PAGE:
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Chris Zukowski, Blogger

March 25, 2019

3 Min Read

It’s numbing how many slides you see at GDC. Most blow over you like a late afternoon breeze. However there were some that made me sit upright and hoist my phone in the air like some sort of modern-day Statue of Liberty so that I could bring you this image.

#1 Getting Your PC/Console Game Noticed: A Comprehensive How-To Guide

This chart maps the marketing effort of Telltale’s Monkey Series. You see that spike in the middle with the big green arrow? That was when the marketing team gave Episode 1 away for free in exchange for an email address. This was huge! There should have been a whole talk about that one spike. But the speaker barely mentioned it. Essentially they built their mailing list with a lead-magnet. Very effective and you can do this too. For more information about how to do this see #4 of this blog post.

#2 Getting Your PC/Console Game Noticed: A Comprehensive How-To Guide

Look at this super simple landing page for Kingdoms and Castles. I love it because it has such a clear Call-To-Action. There is good placement for the email list signup too but there is no lead magnet.

#3 No Time, No Budget, No Problem, Finishing the First Tree

This is the list David Wehle uses the day of his launch. It is a very inspiring todo list. I particularly like [email protected]. Didn’t know about that one.

#4 Put your name on your game

This X axis is the number of games released by all studios found on MobyGames. This chart was meant to inspire you to put your name in your game because more than likely your studio will only release 1 game – so who cares about studio name? However, what I got from this is that if you just release 3 games you are light years ahead of everyone else in this damn industry. So release another game.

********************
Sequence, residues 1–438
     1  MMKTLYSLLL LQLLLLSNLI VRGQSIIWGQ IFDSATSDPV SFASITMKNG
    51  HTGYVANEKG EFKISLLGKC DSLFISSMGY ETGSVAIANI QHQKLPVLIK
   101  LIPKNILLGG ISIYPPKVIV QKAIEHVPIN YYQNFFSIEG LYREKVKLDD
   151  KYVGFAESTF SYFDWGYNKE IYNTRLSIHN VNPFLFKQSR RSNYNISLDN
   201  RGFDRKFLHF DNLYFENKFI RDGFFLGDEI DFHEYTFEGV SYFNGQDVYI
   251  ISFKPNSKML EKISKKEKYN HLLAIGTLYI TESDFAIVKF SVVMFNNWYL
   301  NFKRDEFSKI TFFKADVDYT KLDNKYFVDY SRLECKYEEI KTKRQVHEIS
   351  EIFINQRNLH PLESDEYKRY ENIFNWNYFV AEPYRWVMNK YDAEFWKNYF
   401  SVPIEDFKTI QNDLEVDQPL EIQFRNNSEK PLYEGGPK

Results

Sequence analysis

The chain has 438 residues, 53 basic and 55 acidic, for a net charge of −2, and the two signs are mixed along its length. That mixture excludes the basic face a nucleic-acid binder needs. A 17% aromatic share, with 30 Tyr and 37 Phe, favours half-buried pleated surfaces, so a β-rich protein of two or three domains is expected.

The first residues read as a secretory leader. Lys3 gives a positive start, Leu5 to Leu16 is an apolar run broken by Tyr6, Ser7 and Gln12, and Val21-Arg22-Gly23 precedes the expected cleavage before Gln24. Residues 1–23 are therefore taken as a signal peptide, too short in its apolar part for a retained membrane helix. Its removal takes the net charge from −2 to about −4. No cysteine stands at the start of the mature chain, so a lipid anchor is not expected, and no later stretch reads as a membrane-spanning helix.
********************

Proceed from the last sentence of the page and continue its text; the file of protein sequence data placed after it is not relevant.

#4 Decorticating ‘Dead Cells’: A Business and Marketing Deep DiveWhen Dead Cells developer Motion Twin was researching their competition they made this chart. I thought it was cool but I would have added a column to list what tags each game used.

#5 2014 vs. 2018: The Shape of Financial Success Before and After the Indiepocalypse

The Orange Line is a game Jason R released in 2014 and the green one is a game he released in 2018. If you notice the orange line (2014) peaked in the first week. While in the first week, the green line (2018) was like 10% of it. The point of his talk was that games now-a-days have a much slower and longer burn.

Ok yes this is 2 slides but Jason broke it up in a weird way so I had to do both. If you see, by the 2nd month the 2018 game went much much higher than the 2014 game. We are living in a world where launch day is not such a make-or-break experience.


#5 Platforms Are People Too: The Importance of Finding Your Champion

When you are marketing a game to a platform like Sony or Steam it is important to understand how the company works behind the scenes. Turns out there are 2 separate departments that actually work together to decide what games to promote. Promotion teams are all about the store and marketing and the Content team is all about evaluating which games are good and worth investing in. You need to talk to both teams.


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